NFWF Announces Nearly $4 Million in Grants via the Western Big Game Seasonal Habitat and Migration Corridors Fund
Eleven organizations will work to protect migration corridors and improve habitat for pronghorn, mule deer, and elk across the Rocky Mountain Rangelands
WASHINGTON, D.C. (May 9, 2023) – The National Fish and Wildlife Foundation (NFWF) today announced nearly $4 million for 13 grants to secure key migration paths and restore rangeland habitats in Arizona, California, Colorado, Idaho, Montana, New Mexico, Oregon, Utah, and Wyoming. The grants will leverage $9.2 million in matching contributions for a total conservation impact of $13.2 million.
The grants were awarded through the Western Big Game Seasonal Habitat and Migration Corridors Fund, a partnership between NFWF, the Bureau of Land Management, the U.S. Fish and Wildlife Service, the U.S. Forest Service, USDA’s Natural Resources Conservation Service and ConocoPhillips, with additional funding this year from the Bezos Earth Fund.
Since 2019, there have been five rounds of grants awarded under this program which have cumulatively awarded $15.6 million across 66 projects, leveraging $72.3 million in matching contributions to generate a total conservation impact of nearly $88 million. Together, these projects will:
- Protect 175,000 acres of private land from fragmentation through conservation easements
- Restore 129,000 acres of public, private and tribal land through efforts like invasive weed and conifer removal treatments
- Improve management on 902,000 acres of public, private and tribal land through efforts like grazing and wildlife management plans
- Remove or improve 886 miles of fencing to be more wildlife friendly, reducing direct mortality and increasing landscape connectivity
- Restore hydrology on 41,500 acres of public mesic habitat
“The conservation projects funded this year by the Western Big Game Seasonal Habitat and Migration Corridors Fund will make great strides towards protecting species including pronghorn, mule deer and elk during their annual migrations and enhancing the rangeland habitats they need to survive and thrive,” said Jeff Trandahl, executive director and CEO of NFWF.
The Western Big Game Seasonal Habitat and Migration Corridors Fund aims to conserve critical winter range and migration corridors to maintain healthy populations of pronghorn, elk and mule deer, and the phenomenon of big game migration.
The western United States is home to some of the largest herds of wild native ungulates in North America. However, the seasonal migrations many of these populations rely on in response to weather conditions and resource availability face significant threats. Habitat fragmentation often limits the availability of high-quality forage and cover, and poor habitat condition limits the health and reproductive success of the herd. The projects supported by the 13 grants announced today will tackle these problems, among others, to restore and protect big game species and the rangeland habitats they need to survive and thrive.
“Wildlife corridor connectivity is central to the Biden-Harris administration’s all-of-government approach to addressing the impacts of the climate crisis and the impact of human activity on habitat,” said U.S. Deputy Secretary of the Interior Tommy Beaudreau. “Thanks to these types of holistic public-private partnerships, the Interior Department is making significant progress on migration corridor conservation.”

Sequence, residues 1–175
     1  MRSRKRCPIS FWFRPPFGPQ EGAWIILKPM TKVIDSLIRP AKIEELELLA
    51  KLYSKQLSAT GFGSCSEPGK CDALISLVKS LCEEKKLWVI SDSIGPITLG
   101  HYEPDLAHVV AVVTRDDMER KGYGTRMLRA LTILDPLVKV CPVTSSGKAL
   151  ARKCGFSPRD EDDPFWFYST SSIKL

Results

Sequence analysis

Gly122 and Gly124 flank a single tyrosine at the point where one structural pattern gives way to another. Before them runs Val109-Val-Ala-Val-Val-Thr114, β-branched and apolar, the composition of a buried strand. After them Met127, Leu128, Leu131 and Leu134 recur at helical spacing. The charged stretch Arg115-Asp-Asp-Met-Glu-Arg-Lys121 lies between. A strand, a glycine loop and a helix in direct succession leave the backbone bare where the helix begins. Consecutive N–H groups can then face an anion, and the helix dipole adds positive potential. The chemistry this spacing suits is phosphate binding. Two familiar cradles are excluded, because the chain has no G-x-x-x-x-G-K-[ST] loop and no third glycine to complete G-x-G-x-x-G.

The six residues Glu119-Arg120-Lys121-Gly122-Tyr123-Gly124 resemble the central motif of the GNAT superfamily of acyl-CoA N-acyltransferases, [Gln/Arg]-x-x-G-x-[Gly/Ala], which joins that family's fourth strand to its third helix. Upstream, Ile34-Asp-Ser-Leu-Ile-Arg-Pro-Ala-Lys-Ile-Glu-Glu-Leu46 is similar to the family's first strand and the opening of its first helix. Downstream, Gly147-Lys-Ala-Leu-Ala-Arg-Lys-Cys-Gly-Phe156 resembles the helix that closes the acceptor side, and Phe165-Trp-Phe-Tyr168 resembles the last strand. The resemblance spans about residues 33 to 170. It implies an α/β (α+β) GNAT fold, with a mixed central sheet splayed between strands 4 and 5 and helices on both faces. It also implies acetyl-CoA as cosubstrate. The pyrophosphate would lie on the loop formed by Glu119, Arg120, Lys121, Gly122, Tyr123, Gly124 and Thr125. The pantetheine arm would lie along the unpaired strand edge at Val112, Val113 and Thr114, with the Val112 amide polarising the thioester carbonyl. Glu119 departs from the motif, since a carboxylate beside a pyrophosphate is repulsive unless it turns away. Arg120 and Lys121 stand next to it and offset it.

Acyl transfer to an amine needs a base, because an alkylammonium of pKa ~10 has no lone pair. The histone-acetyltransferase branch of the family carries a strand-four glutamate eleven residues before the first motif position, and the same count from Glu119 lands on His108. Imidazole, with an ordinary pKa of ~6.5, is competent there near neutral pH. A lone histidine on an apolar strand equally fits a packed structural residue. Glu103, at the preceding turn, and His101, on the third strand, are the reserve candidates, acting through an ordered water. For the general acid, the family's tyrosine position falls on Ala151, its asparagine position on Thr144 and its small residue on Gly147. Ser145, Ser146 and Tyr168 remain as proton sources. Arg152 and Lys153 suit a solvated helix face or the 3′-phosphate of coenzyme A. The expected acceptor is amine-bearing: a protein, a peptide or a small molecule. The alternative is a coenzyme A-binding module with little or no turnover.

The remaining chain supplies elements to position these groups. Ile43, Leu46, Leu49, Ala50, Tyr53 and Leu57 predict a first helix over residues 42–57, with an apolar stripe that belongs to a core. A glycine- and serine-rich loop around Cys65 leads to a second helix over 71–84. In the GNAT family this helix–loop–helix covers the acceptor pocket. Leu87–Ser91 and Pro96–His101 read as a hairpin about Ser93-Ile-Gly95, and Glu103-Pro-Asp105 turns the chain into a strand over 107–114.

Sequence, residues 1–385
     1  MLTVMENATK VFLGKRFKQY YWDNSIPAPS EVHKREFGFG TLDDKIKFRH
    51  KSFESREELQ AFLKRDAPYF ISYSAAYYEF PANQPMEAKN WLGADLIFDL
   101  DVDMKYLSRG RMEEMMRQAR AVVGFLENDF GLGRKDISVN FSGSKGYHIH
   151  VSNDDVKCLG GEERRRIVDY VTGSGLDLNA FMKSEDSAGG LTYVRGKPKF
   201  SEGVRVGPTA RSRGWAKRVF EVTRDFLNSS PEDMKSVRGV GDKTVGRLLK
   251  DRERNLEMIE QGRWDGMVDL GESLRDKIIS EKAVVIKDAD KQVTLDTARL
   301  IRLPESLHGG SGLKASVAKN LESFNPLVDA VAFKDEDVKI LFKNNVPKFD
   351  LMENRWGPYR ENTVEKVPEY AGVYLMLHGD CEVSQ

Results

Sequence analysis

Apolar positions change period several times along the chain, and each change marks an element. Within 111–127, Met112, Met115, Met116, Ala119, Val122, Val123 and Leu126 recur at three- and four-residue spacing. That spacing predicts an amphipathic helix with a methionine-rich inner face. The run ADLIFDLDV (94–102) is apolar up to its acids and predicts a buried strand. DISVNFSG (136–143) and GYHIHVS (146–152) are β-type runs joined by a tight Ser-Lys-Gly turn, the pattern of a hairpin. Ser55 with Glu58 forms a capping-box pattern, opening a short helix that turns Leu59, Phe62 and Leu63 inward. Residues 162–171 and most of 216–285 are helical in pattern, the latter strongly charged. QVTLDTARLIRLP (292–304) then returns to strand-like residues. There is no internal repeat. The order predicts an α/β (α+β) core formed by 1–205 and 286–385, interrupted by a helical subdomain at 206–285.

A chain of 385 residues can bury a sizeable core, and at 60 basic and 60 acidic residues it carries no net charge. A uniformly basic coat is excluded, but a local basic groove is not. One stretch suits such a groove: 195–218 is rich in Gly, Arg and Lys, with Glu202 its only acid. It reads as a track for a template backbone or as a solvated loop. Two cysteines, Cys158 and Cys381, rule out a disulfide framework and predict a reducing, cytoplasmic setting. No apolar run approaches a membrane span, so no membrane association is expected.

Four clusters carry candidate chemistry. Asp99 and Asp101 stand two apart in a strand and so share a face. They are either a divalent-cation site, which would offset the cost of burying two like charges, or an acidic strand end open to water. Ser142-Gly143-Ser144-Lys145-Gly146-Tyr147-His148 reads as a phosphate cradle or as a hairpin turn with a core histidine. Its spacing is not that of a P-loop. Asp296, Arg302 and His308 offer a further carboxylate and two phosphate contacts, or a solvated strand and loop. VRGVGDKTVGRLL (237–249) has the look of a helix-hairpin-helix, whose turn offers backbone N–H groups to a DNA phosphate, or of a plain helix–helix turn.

This slate of 13 projects is expected to:
- Remove or improve 230 miles of fencing to wildlife-friendly standards
- Improve management on 192,000 acres of rangelands
- Restore 105,000 acres of public, private and tribal lands
- Place conservation easements on 57,000 acres
The 2023 grant slate features a unique inter-state partnership between Utah and Arizona to address multiple threats that impact an important long distance mule deer migration. Every year the majority of the Paunsaugunt mule deer herd migrates from their summer range in the Paunsaugunt Plateau area of Utah south across U.S. Highway 89 to their winter ranges in the Buckskin Mountains in Arizona. To protect this herd, the Wildlands Network is mapping and removing derelict fencing which is detrimental to mule deer movements in Utah; the Utah Division of Wildlife Resources is installing fencing to guide mule deer to three wildlife crossings across US 89; and the Arizona Game and Fish Department is restoring critical winter range habitat by removing invasive woody vegetation at the end of the herd’s migration.
“The Arizona Game and Fish Department is committed to improving habitat for all wildlife. The infusion of these funds will directly contribute to the resiliency of mule deer on the Kaibab Plateau and the migratory winter home to Utah’s Paunsaugunt mule deer herd. Additionally, these funds will enhance connectivity for Arizona’s largest population of pronghorn antelope in central Arizona's Grand Canyon corridor. With all the multi-jurisdictional planning in place, the stage is set to improve winter habitat and connectivity over thousands of acres in central Arizona and the north Kaibab. The National Fish and Wildlife Foundation has been and continues to be essential to make projects like this possible.” Said Ty Gray, director, Arizona Game and Fish Department.
A complete list of the 2023 grants made through the Western Big Game Seasonal Habitat and Migration Corridors Fund is available here.
About the National Fish and Wildlife Foundation
Chartered by Congress in 1984, the National Fish and Wildlife Foundation (NFWF) protects and restores the nation’s fish, wildlife, plants and habitats. Working with federal, corporate, foundation and individual partners, NFWF has funded more than 6,000 organizations and generated a total conservation impact of $8.1 billion. Learn more at www.nfwf.org.
Rob Blumenthal, 202-857-0166, email@example.com